Lee explains that no  party claiming to be Marxist had yet come to power anywhere in the world, but by the summer of 1914, it seemed like that day was not far off. The Social Democrats  were the largest party in the German parliament, and the second largest party in France, even in the United States, so they seemed on the cusp of making a breakthrough.

When Tsarism collapsed, Georgian Social Democrats had no intention of seceding from Russia; independence was not on the agenda. It was only after the ‘October revolution’(the Bolshevik coup) in Russia, that Georgia took matters into its own hands. Georgian military forces raided the arsenal in the capital Tiflis, Russian soldiers stationed there surrendered and Lenin was reportedly extremely displeased.

In the Russian Constituent Assembly elections in November 1917, Georgia again returned representatives who were overwhelmingly Mensheviks. This did not translate into a Menshevik majority in the Russian Constituent Assembly where the ‘Socialist-Revolutionary’party won a comfortable majority over the second-placed Bolsheviks with Mensheviks a distant fourth. It was this result that prompted the Bolsheviks to dissolve the assembly by force

On May 26 1918, Georgia proclaimed its independence. Elections in 1919 (where suffrage was universal, equal and secret), returned even bigger landslides for Social Democrats, even under proportional representation.Trotsky railed, falsely portraying a powerful Georgian Bolshevik party ready at any moment. Kautsky countered this, and the archives bear out Kautsky. Trotsky and other Bolshevik propagandists then tried portraying Georgia as colluding with Anton Denikin’s White Army. Again, this is contradicted –this time by British dismay that the Georgians were repelling Denikin contrary to British orders.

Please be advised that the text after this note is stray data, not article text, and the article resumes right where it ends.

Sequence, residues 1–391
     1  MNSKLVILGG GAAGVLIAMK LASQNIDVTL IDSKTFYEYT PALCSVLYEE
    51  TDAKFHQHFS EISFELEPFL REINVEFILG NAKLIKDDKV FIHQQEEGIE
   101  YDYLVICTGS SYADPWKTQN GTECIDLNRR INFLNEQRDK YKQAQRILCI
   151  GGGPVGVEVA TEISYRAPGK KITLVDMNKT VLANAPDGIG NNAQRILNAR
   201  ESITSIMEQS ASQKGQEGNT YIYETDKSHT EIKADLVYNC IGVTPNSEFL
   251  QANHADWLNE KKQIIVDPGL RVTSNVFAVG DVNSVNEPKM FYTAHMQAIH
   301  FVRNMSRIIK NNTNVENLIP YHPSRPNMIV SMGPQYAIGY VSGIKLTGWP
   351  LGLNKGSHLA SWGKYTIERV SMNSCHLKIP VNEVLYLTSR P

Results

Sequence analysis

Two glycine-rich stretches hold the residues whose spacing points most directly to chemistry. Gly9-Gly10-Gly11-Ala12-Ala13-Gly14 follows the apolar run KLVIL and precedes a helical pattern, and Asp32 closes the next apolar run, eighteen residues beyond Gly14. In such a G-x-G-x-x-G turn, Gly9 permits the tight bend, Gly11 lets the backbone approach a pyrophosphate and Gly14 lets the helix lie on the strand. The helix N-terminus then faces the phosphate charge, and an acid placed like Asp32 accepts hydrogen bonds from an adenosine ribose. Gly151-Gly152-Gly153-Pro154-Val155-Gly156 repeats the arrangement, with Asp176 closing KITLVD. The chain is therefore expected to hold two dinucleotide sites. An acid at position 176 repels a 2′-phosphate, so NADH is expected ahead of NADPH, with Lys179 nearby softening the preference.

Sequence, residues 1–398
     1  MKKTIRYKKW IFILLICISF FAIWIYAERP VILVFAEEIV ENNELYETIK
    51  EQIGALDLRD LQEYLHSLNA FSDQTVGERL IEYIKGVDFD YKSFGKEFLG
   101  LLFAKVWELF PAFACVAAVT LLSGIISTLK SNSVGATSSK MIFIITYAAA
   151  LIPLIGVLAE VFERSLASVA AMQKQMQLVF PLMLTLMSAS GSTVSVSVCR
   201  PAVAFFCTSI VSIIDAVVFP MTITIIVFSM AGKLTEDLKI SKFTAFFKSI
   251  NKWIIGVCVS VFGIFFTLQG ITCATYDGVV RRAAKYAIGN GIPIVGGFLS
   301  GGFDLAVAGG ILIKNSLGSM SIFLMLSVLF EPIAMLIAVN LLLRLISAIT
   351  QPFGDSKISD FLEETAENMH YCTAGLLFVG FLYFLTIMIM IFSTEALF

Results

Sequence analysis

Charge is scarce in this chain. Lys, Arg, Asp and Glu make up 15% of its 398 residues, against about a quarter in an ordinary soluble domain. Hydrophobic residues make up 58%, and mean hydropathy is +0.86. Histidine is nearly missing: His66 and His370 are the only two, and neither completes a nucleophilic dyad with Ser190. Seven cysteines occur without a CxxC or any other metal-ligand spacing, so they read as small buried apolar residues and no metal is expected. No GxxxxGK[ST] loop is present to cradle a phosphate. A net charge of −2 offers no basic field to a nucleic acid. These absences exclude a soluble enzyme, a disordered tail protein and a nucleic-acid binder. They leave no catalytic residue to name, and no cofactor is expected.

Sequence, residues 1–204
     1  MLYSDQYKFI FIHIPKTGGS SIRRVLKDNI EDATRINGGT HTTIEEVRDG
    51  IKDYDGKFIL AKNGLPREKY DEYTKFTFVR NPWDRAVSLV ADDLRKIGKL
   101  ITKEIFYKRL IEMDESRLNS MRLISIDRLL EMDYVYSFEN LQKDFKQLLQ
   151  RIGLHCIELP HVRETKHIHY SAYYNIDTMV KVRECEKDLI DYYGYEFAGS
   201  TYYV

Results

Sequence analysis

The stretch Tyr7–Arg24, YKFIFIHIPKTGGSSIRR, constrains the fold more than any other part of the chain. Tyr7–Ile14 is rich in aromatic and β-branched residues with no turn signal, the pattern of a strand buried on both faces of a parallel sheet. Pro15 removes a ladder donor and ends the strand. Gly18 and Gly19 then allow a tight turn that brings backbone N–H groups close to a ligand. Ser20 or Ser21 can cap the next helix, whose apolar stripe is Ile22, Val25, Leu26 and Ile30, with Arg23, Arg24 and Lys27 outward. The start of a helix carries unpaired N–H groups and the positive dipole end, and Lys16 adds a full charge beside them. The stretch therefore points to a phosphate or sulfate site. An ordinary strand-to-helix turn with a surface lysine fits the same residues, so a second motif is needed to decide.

Lee writes the most important action was their agrarian reform, selling state land to peasants. In this they were following Plekhanov’s municipalisation of land model and rejecting Lenin’s nationalisation of land which was thought to  lead to back to ‘a semi-Asiatic order’.

Georgia was developing a strong civil society with trade unions at its core, it enshrined the right for trade unions to strike long before most countries even legalised the right to join a trade union.